The various Tuscan versions of Frittelle of St. Joseph
From Florence to Siena, all the variants of the delicious cake typical of Carnival and Father's Day
Soft rice pralines covered with sugar, Frittelle of St. Joseph are the typical Tuscan dessert for Carnival and for March 19th, or rather Father's Day.
As is often the case with traditional recipes, you only need to move a few kilometres to notice a few small variations. Starting with the Florentine ones, here are the various Tuscan versions of Frittelle of St. Joseph. Would you like to know the traditional recipe? Click here!
In Florence, tradition dictates that the Frittelle di San Giuseppe are enriched with a sweet handful of raisins, that the rice is cooked strictly in milk, while as a liqueur is often chosen Marsala. Stop by the best pastry shops in Florence to taste the best cenci and frittelle in town.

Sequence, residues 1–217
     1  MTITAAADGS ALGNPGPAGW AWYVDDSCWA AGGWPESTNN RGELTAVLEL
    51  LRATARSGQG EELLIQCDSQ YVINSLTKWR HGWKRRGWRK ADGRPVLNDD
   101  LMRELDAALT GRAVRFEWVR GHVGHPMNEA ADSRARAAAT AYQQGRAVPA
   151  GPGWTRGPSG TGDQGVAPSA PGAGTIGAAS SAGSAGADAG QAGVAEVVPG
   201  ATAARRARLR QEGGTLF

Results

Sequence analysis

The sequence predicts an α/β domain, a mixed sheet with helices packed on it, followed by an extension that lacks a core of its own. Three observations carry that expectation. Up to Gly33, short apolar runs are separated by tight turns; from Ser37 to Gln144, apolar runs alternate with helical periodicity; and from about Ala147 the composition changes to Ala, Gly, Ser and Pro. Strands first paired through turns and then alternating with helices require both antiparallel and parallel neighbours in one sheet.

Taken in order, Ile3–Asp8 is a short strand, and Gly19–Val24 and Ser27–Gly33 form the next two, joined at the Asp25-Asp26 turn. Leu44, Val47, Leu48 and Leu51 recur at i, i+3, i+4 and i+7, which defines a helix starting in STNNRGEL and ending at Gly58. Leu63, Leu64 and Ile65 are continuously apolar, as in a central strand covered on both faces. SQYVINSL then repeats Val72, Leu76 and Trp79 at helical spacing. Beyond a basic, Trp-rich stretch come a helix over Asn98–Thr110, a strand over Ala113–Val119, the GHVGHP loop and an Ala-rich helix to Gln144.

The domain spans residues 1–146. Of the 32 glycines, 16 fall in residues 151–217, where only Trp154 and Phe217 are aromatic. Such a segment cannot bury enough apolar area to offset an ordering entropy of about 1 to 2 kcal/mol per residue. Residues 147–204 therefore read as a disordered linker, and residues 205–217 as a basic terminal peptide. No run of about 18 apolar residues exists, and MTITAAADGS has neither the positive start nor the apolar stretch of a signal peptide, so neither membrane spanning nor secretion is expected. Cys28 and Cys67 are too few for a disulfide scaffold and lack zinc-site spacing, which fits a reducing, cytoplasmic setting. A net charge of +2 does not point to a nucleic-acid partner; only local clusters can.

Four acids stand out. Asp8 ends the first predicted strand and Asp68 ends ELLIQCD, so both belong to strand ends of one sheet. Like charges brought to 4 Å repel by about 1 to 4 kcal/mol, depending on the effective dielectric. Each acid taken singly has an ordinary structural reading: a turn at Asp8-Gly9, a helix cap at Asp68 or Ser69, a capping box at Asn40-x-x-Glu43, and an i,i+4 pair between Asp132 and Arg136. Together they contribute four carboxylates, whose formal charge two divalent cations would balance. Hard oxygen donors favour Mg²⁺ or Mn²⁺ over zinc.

In the city of the Palio, where Frittelle di San Giuseppe are called "Giuseppine", raisins are not included in the recipe, where instead of Marsala is put the rum.
Even Pistoia has its own version: raisins are used again, but as a liqueur the local Vin Santo is preferred - with which they are often served not only in Pistoia, but also in the rest of Tuscany - and the rice is cooked in milk and water.
In Prato there is the saying "S. Giuseppe is not made without frittelle". Here, too, raisins are a classic and rice is boiled in milk and water, rum is added and orange zest is added together with lemon zest.
In Arezzo the tradition is similar to that of Pistoia, with the difference that here, as in Prato, orange peel is also added.